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Child sex trafficking is a form of child abuse that occurs when a child under 18 is advertised, solicited or exploited through a commercial sex act. A commercial sex act is the exchange of anything of value – such as money, drugs or a place to stay for sexual activity. Traffickers can be anyone who profits from the selling of a child for sex to a buyer, including: family members, foster parents, gangs, and perceived trusted adults or romantic partners. In some cases, there is no identified trafficker, and it is the person buying sex from the child who is exploiting the child’s vulnerabilities. For instance, if a child runs away, a buyer may exploit the child’s need for food and shelter by offering to provide that in exchange for sex. Not every report NCMEC receives involves a missing child. Some reports include children being exploited while still living at home and going to school, sometimes by their own family. Other children who are particularly vulnerable to trafficking include homeless youth who have been kicked out due to lack of acceptance of their sexual orientation or gender identity. In many situations, due to the trauma and manipulation from the trafficker, survivors will feel as if they are responsible for their own victimization, in some cases even defending their abuser. It’s important to remember to meet survivors where they are at in understanding their victimization while also ensuring their rights and access to services as a victim of a crime are honored.


Child sex trafficking victims often are unable to self-identify as victims or disclose their abuse because of fear, shame or loyalty to their abuser(s). It is not a child’s responsibility to ask for help. It is up to the professionals and trusted adults in these children’s lives to recognize the signs associated with child sex trafficking, so they can intervene and help them get the support they deserve. These red flags or indicators should not be considered a checklist or an assessment tool.


  • Signs of sexual or physical abuse

  • Symptoms of neglect such as malnourishment

  • Unaddressed or chronic medical/ dental issues or STIs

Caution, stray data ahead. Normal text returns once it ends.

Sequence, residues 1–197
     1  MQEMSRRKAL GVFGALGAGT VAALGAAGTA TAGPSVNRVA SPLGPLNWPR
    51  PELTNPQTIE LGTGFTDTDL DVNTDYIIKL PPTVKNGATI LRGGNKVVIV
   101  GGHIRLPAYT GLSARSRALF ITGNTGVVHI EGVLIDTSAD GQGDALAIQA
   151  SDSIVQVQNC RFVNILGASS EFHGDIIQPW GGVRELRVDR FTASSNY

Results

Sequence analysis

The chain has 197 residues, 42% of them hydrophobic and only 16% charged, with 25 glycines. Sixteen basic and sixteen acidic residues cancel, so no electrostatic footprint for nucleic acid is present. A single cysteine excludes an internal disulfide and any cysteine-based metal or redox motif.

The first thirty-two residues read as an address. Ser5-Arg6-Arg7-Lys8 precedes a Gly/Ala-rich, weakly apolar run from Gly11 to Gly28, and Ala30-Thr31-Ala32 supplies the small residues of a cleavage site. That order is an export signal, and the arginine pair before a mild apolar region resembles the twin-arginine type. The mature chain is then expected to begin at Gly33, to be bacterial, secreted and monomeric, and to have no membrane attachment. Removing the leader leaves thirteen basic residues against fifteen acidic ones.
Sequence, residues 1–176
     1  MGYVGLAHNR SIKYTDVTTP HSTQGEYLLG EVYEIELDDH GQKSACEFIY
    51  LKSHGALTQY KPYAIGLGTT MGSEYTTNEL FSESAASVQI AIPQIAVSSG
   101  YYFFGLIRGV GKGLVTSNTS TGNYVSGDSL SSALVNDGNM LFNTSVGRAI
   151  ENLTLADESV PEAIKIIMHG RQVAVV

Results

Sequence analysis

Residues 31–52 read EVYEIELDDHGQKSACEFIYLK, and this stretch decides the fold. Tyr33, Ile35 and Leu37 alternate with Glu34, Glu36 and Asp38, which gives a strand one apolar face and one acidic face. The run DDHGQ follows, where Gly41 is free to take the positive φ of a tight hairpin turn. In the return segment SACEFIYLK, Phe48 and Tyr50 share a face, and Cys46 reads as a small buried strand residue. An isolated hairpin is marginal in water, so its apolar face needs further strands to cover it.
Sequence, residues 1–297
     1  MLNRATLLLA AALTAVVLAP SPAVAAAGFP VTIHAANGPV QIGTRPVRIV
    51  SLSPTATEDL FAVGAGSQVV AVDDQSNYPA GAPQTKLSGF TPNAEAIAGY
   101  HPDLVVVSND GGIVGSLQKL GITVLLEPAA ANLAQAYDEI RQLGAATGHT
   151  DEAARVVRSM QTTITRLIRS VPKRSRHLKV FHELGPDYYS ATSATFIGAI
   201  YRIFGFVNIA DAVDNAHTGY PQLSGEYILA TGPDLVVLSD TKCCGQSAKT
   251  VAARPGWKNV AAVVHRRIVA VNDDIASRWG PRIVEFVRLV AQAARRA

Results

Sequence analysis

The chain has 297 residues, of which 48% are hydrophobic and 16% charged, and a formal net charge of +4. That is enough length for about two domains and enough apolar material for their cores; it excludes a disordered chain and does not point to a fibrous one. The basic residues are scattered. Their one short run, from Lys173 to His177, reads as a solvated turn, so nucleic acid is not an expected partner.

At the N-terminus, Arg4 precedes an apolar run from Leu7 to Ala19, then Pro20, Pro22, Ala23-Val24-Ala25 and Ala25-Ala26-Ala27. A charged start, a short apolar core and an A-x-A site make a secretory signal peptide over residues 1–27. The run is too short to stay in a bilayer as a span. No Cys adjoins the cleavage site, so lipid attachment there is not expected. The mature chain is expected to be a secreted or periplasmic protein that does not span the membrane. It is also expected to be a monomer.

• Close association with an overly controlling adult

  • Recovered at hotels, street tracks, truck stops, or strip clubs; or other locations where trafficking or commercial sex is known to occur

  • Has secret cell phones or apps providing multiple cellphone numbers

  • In possession of material goods, inconsistent to the child’s access to money or socioeconomic status

  • In possession of bulk sexual paraphernalia (such as bulk condoms or lubricant)

  • Living out of suitcases, at motels, or in a car, or other evidence of housing insecurity

  • Unexplained access to large amounts of cash, pre-paid credit cards, or hotel keys

  • Tattoos or branding, such as those indicating money, matching those of other known trafficking victims or that the child is reluctant to explain

  • References traveling to other cities or states while missing or lack of knowledge of their current whereabouts

  • Drug dependency or frequent abuse of “party drugs” such as GHB, Rohpnol®, Ketamine, MDMA (Ecstasy), Methamphetamine


  • Chronically runs away from home (especially 3+ missing incidents)

  • Unexplained absences from school

  • Constantly sleeping during class

  • Stops engaging in activities they previous enjoyed (such as athletics or clubs)

  • Abruptly disconnects from family and friends

  • Significant changes in behavior, including their online activity

  • Avoids answering questions or lets others speak for them

  • Appears frightened, annoyed, resistant, or belligerent to authority figures

  • Reluctant to disclose true identity or personal information and/or has a secret online profile

  • References online escort ads or dating websites/apps

  • Uses language or emojis often associated with prostitution, such as “Trick,” “The Life,” “The Game”

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